A recurring joke in public relations is “I’ve decided to spend more time with my family,” a phrase used by people who are forced out of political or high corporate positions. The translation from modern English is roughly: “I sucked at this, but fortunately they decided not to be jerks and explain why that is.”
Heretofore, “spending time with my family” was a trope to everyone save Vito Corleone, an old school olive oil salesman who believed “a man who doesn’t spend time with his family can never be a real man.”
We are all “real men” in the eyes of the Godfather now. Because of the coronavirus pandemic lockdown, family time for fathers has sprouted as suddenly as the spring’s green grass. For me, that has meant ditching airport lounges and their free cheese cubes for juice boxes and granola bars with Winston, my kindergartner.
Every morning we get up and begin the day’s schoolwork, carefully prepared by his wonderful teacher. It’s like Tchaikovsky sending over a piece of sheet music for some ham-fisted first-timer.
First, there’s a mix of videos to watch and activities to perform. On a recent Monday, I found myself on the foyer floor marking various intervals with masking tape to denote the hopping distances of grasshoppers, frogs and kangaroos.
And then there’s the writing.
My Winston is named after Winston Churchill, one of the orneriest world leaders in the modern age. And, like his namesake, he’s a bear to write with. Sir Winston would dictate beautiful speeches and letters long into the night (and long after his alcohol-infused dinners), driving his typists crazy. He would then review the work, mark it up by hand, and have them type it up all over again.
For my Winston and me, it’s the opposite. I drive him crazy with instructions, and then I review and make him do it again. A fight recently ensued over his peculiar forming of certain letters.
“Winston,” I said. “You are a Jennings! It is in your very genes to have good handwriting!”
“But daddy,” he replied, “I am not even wearing jeans!”
Our lockdown has given me an up-close look at how my children are educated, and I am deeply enjoying it and earning a newfound respect for the teachers and home-schoolers out there.
Before, I was content for my role to be that of chauffeur, ferrying my kids to and from the school bus and various activities. It was quite nearly a full outsourcing of their education, even as I coached baseball and helmed the Cub Scout pack.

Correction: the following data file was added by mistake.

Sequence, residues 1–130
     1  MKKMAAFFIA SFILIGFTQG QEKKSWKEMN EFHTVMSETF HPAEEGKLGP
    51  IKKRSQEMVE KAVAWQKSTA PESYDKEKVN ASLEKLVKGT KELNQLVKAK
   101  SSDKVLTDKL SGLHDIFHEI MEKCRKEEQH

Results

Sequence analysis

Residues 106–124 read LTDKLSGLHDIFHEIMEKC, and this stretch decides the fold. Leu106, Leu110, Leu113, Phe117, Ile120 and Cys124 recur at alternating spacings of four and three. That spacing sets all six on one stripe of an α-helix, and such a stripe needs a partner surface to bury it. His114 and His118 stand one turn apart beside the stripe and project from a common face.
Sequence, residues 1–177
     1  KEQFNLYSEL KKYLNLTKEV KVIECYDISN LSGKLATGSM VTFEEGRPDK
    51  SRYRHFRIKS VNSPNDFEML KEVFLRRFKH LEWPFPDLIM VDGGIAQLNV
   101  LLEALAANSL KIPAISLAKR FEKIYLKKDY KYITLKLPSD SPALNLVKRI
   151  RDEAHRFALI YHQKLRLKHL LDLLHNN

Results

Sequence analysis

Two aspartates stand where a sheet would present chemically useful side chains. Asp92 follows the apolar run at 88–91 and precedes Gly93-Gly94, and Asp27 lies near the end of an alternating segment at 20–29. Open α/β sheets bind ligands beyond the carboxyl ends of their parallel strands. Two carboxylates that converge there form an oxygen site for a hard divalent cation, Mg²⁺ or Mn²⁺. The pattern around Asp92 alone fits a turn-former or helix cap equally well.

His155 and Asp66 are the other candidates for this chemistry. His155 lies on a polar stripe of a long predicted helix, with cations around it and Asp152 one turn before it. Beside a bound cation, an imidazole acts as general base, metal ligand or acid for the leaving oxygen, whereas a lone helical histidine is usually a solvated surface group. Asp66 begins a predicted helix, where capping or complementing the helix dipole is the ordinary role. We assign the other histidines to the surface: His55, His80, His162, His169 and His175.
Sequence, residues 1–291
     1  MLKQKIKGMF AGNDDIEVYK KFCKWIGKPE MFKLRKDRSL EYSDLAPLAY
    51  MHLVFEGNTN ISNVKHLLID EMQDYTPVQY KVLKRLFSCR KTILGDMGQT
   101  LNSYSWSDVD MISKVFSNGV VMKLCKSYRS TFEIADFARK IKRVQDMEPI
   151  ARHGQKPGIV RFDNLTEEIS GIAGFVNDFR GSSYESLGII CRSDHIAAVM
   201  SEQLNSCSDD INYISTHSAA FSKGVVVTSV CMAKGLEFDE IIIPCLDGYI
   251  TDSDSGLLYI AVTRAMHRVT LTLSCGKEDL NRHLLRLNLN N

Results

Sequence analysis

Oh, sure, I donated to school fundraisers and volunteered here and there to be “involved,” but how much personal attention did I pay to the literal way my children were learning? Truthfully, very little. If a quarterly report said things were fine, I was happy to let the education program run on autopilot.
But that was then. The new normal for me, even when our lockdown ends, will be full involvement in what and how my children are learning. This is not to supplant or distrust their teachers — all are saints who do a terrific job — but rather to supplement and take personal responsibility for their academic success.
I am ashamed, frankly, I didn’t realize this before. But perhaps a wonderful outgrowth of this terrible era will be the realization that fathers were not put on this earth to ignore their children for most of each day. We were put here to raise them, which means something more than simply getting up, going to work and asking at dinner: “How was school?”
The workplace of the future is going to change dramatically, and it must respect parents who need more flexibility to be part of their child’s education. We can’t go back. We are learning anew from the pandemic that life is short and we aren’t in control. This is a time for old paradigms to die, including changing the definition of what it means to provide.
For most of my life, that definition did not include engaging so deeply in a child’s schooling. But that’s over, an antiquated attitude killed off by the coronavirus. The real men of the future will be teachers’ assistants, quite literally minding the p’s and q’s of their own Winstons as they simultaneously pursue their career goals. Fathers are proving right now it can be done.
And that, friends, is an offer none of us can — or should — refuse.
Scott Jennings is a political contributor on CNN, columnist for the Courier-Journal and a 1996 graduate of Dawson Springs High School.